Snow covered everything. This was a strange land for everyone after the heat of Lahore. We were in the hill station of Mussoorie. The children had the entire Malakoff Estate to explore. The fireplace was a quaint focus of family gatherings in the evening. Tea was being made and served all day long by our newly acquired servant, Kaalu. It was like a big picnic. Strolls during the day on the Mall which only a few days back had not allowed ‘dogs and Indians’ to walk on it.
Some of the men were still in Lahore trying to sell off everything and come back with as much precious stuff as they could from our old home. Malakoff Estate was a huge place but my parents were part of a large entourage of members of a gigantic extended family. My grandfather was there with his two brothers and all of them had their wives, children and grandchildren along with them. This joint family had not yet got used to the large rooms for everyone. They preferred to stick together in the giant living room and eat dinner together before going off to sleep in their various allotted rooms.
Of course, I was yet unborn, this is all hearsay evidence. The ghost story though is true. I heard it from my mother. Although the days were spent by my aunts, uncles and parents taking pleasant trips to the Mall shops a pall of tension hung over the fate of the men who were still not back from their mission in the new state of Pakistan. Everyone huddled together near the fireplace, sang songs, played cards and munched on the delicious pakodas that Kaalu made.
Everyone had to walk down a steep path about a half a kilometer long before reaching the Estate. This was a very dark passage and everyone heaved a sigh of relief in the evenings when safely inside. Things were thus going well in their repetitive calmness when suddenly a strange incident scared everyone. Dinner was finished and the family members were chatting and joking around the fire when they heard a loud banging on the front door. It was very dark outside but the young men got up to check who it was. They found nothing. Fresh snow had fallen but there were no footprints. A cloak of chilly fright touched everyone. That night everyone stuck together in the living room and waited out the night. The incident was reported to the distant police station. A tall and thin policeman came and checked the house. He talked to everyone present and then left to make his report.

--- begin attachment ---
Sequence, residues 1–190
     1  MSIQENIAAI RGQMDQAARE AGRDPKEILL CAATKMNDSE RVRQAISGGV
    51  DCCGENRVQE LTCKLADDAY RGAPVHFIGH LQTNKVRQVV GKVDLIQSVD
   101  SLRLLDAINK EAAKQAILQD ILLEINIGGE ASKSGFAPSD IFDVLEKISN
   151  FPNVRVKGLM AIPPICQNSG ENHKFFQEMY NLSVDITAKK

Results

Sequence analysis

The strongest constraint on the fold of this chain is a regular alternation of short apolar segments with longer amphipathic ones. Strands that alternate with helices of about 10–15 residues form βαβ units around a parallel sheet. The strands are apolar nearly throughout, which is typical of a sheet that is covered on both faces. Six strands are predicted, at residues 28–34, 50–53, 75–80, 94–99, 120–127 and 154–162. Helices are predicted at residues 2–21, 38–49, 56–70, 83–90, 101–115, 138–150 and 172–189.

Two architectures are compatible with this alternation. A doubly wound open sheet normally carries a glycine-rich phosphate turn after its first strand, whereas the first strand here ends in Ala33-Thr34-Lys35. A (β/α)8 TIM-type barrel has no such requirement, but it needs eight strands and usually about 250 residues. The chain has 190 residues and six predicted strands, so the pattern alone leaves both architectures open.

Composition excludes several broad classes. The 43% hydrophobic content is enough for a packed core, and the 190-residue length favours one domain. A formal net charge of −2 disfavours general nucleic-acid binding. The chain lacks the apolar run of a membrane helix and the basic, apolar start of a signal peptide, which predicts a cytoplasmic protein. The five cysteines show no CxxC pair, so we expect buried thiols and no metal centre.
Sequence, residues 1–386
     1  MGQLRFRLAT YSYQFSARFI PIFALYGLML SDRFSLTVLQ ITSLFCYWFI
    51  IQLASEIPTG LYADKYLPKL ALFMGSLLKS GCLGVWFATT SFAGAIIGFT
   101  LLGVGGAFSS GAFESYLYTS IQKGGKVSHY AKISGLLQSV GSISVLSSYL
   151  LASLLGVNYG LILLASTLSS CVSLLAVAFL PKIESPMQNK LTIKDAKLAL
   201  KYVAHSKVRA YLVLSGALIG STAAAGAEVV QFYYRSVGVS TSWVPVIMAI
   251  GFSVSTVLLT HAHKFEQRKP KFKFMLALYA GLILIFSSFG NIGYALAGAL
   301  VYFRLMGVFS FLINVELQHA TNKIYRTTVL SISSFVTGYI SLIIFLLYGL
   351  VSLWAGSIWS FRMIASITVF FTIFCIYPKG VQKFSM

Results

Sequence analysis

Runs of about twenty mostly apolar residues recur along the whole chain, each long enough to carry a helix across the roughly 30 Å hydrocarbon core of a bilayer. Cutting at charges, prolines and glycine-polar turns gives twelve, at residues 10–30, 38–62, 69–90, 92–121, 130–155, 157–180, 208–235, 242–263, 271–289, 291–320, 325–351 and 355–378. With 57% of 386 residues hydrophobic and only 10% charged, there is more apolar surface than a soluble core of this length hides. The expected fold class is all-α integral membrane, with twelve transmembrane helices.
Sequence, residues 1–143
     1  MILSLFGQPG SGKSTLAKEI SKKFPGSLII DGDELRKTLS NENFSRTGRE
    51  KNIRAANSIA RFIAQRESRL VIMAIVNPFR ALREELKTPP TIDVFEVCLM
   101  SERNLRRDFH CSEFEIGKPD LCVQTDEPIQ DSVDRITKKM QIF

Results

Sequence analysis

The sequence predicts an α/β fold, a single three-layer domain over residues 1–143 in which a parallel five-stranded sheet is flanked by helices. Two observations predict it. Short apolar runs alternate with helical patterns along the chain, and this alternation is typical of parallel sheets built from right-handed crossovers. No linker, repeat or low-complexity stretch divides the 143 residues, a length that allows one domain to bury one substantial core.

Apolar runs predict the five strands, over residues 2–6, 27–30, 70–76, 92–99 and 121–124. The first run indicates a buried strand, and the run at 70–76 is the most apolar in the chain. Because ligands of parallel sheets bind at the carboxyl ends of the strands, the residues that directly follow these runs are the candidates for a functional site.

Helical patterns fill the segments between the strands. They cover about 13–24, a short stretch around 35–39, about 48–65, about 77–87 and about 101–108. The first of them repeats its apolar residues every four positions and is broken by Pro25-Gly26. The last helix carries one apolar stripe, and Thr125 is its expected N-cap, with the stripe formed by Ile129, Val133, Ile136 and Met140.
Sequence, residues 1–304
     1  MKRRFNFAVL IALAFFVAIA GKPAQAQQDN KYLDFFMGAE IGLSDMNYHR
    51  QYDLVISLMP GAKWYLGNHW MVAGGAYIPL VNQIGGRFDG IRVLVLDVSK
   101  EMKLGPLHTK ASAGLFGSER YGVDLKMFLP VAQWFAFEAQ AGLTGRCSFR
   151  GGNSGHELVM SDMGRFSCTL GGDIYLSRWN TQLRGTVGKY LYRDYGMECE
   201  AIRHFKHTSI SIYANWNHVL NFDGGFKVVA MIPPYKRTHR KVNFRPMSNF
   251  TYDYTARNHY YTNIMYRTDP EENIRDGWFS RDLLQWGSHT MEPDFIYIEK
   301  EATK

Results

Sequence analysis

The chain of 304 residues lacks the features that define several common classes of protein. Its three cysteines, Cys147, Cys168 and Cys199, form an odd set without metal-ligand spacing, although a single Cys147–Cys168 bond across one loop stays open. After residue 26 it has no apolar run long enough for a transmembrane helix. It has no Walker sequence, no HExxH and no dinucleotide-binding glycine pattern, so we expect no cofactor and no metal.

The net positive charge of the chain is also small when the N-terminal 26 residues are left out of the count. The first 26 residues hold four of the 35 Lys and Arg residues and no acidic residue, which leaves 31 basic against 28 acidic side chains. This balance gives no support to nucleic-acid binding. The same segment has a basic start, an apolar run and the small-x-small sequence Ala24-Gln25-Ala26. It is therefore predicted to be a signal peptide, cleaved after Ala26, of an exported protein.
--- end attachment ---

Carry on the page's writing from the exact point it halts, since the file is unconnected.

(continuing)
Sadly the knocking on the door after dinner continued for many nights. Everyone became convinced that this was a haunted house. Sunday night was fraught
with fear and the children sat huddled with the elders in front of the fireplace. There was a bang on the door and then shouting. The young men’s league got up again to check and to their surprise found their uncles back from Lahore and in their grip was Kaalu.
They thrashed him till he admitted to banging on our front door at night. Motive- to get a raise of ten rupees. He was handed over to the police and life returned to normalcy at Malakoff Estate.
Days and nights passed while the men discussed their next move in Independent India. It was a Sunday and the family was having a hot debate over this incident when suddenly the front door was being banged again by a new ghost. The men again jumped to the rescue. No one noticed my mother and my aunt slip onto the carpet in front of the fireplace. They had a guilty look on their faces but also one of having accomplished something very naughty. They giggled and muffled their conversation in order not to invite undue attention. Strangely the ghost did not appear again after that night.
Many years later my mother and aunt admitted to having kicked the door just to get a feel of the ghostly sound. They ran for their scared lives after that into the outhouse. Then they slipped in sniggering near the fireplace through an open backdoor. They never tried that stunt again because they had scared themselves more than the other occupants of the house.
And So It Goes
Comentary from the Grove
Trying to benefit from education & (a little) from unemployment!
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